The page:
I believe that slow fashion and conscious consumerism are the most beautiful and, simultaneously, crucial movements in the world right now. It is uplifting to see prominent individuals moving away from mindless consumption and becoming conscious, conscientious and knowledgeable when it comes to purchasing products. More than ever, people are guided by companies who align with their beliefs and values, and not by price or convenience. This is fundamentally a new, meaningful relationship between companies and consumers, and it is driving systemic change in the fashion industry and beyond. It is worth remembering that consumers create transformations just by the way they consume, by imposing their standards and values and thus creating demand. We should not underestimate how powerfully this can contribute to creating a better future, because without this demand, ethical and sustainable companies would never survive against the fierce market competition, and industries will remain anchored to their current, often unsustainable, practices. Each purchase is an opportunity to vote for the kind of world we desire to live in, and as such, one should support as much as possible, the companies which are taking sincere actions to improve and contribute to a healthier planet and humankind.
This movement is also changing people’s relationship with fashion and how they consume it, bypassing impulsive buying to embrace mindful purchasing decisions. And as oppose to an overabundance of clothes, people are investing on quality pieces that they will enjoy and care for years.
Finally, it must be said that sadly, as with any change in consumer behaviour, many corporations perceive this as just another business opportunity or a marketing tool to brighten their public image, so more than ever, total transparency, integrity, and clear communication are key.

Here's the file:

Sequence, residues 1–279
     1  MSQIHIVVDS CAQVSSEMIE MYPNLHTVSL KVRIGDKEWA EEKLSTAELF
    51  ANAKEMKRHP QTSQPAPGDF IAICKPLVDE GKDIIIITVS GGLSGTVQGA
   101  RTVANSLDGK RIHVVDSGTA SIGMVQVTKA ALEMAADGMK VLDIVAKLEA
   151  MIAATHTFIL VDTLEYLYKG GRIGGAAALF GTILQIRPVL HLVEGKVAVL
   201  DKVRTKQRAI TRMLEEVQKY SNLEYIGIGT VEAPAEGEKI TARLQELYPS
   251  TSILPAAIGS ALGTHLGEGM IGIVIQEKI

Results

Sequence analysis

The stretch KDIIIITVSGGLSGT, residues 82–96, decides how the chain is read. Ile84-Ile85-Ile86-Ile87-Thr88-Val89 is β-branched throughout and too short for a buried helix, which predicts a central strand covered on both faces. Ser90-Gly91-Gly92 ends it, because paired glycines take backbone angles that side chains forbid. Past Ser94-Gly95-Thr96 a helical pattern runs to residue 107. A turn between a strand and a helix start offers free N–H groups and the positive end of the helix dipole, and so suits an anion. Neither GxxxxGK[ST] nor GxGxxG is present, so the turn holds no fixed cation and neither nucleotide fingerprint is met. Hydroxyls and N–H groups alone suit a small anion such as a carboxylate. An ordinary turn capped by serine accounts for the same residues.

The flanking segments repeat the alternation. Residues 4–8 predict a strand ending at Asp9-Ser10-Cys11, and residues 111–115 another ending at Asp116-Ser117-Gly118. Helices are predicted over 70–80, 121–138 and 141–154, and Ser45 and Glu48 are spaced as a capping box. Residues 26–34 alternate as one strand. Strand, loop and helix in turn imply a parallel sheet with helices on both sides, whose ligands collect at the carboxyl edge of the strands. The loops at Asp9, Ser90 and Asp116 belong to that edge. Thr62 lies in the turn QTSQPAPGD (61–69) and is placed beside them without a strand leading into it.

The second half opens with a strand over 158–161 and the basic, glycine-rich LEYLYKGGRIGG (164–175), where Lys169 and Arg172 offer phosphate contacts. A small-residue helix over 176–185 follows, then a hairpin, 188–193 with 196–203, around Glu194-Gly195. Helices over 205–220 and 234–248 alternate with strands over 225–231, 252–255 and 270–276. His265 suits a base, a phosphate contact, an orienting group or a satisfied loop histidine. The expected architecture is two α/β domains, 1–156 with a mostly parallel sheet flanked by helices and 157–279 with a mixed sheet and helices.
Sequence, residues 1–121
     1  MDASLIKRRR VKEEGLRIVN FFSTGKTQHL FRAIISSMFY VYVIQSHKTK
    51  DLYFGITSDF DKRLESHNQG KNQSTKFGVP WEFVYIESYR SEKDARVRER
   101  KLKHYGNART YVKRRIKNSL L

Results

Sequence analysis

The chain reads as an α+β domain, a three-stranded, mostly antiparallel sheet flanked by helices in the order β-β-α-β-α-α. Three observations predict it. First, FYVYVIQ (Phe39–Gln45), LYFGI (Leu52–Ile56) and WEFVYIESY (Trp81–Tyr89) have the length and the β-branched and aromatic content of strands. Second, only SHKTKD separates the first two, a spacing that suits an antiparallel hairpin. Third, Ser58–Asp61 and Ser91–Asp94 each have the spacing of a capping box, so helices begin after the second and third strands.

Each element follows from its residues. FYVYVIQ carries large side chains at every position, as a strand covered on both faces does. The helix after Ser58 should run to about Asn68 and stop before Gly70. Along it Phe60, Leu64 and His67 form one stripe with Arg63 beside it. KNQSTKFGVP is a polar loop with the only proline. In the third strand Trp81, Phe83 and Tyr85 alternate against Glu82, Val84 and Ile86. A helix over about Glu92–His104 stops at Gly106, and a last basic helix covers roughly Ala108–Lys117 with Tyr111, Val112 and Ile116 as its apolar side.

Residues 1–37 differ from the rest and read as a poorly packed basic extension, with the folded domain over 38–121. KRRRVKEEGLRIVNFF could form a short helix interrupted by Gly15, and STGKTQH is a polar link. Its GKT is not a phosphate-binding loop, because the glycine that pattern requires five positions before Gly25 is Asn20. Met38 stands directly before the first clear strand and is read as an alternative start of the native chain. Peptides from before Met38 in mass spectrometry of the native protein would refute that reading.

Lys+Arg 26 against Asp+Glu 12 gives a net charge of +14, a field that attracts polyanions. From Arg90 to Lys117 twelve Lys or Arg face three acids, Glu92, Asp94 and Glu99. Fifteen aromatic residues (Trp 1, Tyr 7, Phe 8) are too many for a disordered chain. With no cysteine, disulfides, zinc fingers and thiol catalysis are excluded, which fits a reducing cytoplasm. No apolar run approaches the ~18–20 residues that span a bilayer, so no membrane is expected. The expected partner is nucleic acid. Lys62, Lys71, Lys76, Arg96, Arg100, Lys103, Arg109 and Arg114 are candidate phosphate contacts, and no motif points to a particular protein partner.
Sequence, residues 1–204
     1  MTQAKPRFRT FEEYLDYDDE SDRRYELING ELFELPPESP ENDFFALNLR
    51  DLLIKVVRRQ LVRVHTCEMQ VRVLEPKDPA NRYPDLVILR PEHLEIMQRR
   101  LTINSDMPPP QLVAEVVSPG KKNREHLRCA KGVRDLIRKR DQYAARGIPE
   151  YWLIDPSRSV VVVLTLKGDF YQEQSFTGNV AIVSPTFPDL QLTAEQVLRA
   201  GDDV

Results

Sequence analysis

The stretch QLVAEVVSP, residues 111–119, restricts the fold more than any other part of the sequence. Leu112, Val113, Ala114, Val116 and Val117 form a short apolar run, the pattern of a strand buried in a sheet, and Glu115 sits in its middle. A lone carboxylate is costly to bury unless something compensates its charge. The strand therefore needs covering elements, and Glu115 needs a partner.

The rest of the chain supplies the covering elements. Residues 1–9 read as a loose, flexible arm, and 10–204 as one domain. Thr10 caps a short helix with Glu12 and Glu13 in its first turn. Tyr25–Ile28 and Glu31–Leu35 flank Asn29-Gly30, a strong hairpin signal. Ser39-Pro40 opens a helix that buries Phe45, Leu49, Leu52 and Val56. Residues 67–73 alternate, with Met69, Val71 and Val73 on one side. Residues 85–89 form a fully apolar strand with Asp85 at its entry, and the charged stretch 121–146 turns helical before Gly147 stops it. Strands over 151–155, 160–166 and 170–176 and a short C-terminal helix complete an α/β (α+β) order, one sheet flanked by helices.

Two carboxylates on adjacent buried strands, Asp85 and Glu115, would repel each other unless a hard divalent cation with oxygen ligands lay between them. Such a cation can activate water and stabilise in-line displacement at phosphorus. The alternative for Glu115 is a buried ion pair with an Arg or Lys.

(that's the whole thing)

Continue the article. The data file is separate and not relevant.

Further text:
Is sustainability achievable for all consumer budgets?
It depends on which perspective you adopt, as a brand focusing on the fairest price possible, we consider ourselves as affordable. The core value of slow fashion is buying less but better, so I believe that the mantra “quality over quantity” should be adopted when considering this question. I believe that instead of reconsidering our budget, we need to reconsider our buying habits, instead of impulsive purchasing of large number of cheap quality clothing, we should invest in our wardrobe by buying just a few pieces that we deeply appreciate and that will last for many years. Traditionally, garments were locally sourced and produced. People had a more minimalist lifestyle and bought meaningful quality clothing that they could wear and treasure for a long time; such traditions can be adopted to help us realise the values we are striving for.
I am fully aware that sustainable fashion has an elitist image as many brands justify their much higher prices based on their sustainable practices. Interestingly, we were also advised that since the pieces are locally made in England with certified organic fabrics and materials, we should be able to justify this pricing strategy. However, my goal for the brand was to be fair in relation to its pricing and not to justify the value of our clothes by their price tag but their embedded values and longevity instead.
What’s next for the brand?
Expanding and developing our Ethereal Collection in addition to introducing a wider range of sizes.
Working on the introduction of our hand-knitwear collection; plant-based, undyed, organic and made by local independent artisans in England.